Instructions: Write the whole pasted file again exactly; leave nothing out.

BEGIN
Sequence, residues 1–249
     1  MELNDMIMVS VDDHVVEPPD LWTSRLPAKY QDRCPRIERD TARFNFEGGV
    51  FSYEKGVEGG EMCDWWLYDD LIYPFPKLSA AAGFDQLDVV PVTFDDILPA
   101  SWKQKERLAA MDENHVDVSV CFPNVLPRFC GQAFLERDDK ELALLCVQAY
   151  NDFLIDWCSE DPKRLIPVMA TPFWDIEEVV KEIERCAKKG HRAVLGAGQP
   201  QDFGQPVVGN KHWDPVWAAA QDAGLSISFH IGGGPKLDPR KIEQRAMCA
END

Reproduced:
Sequence, residues 1–249
     1  MELNDMIMVS VDDHVVEPPD LWTSRLPAKY QDRCPRIERD TARFNFEGGV
    51  FSYEKGVEGG EMCDWWLYDD LIYPFPKLSA AAGFDQLDVV PVTFDDILPA
   101  SWKQKERLAA MDENHVDVSV CFPNVLPRFC GQAFLERDDK ELALLCVQAY
   151  NDFLIDWCSE DPKRLIPVMA TPFWDIEEVV KEIERCAKKG HRAVLGAGQP
   201  QDFGQPVVGN KHWDPVWAAA QDAGLSISFH IGGGPKLDPR KIEQRAMCA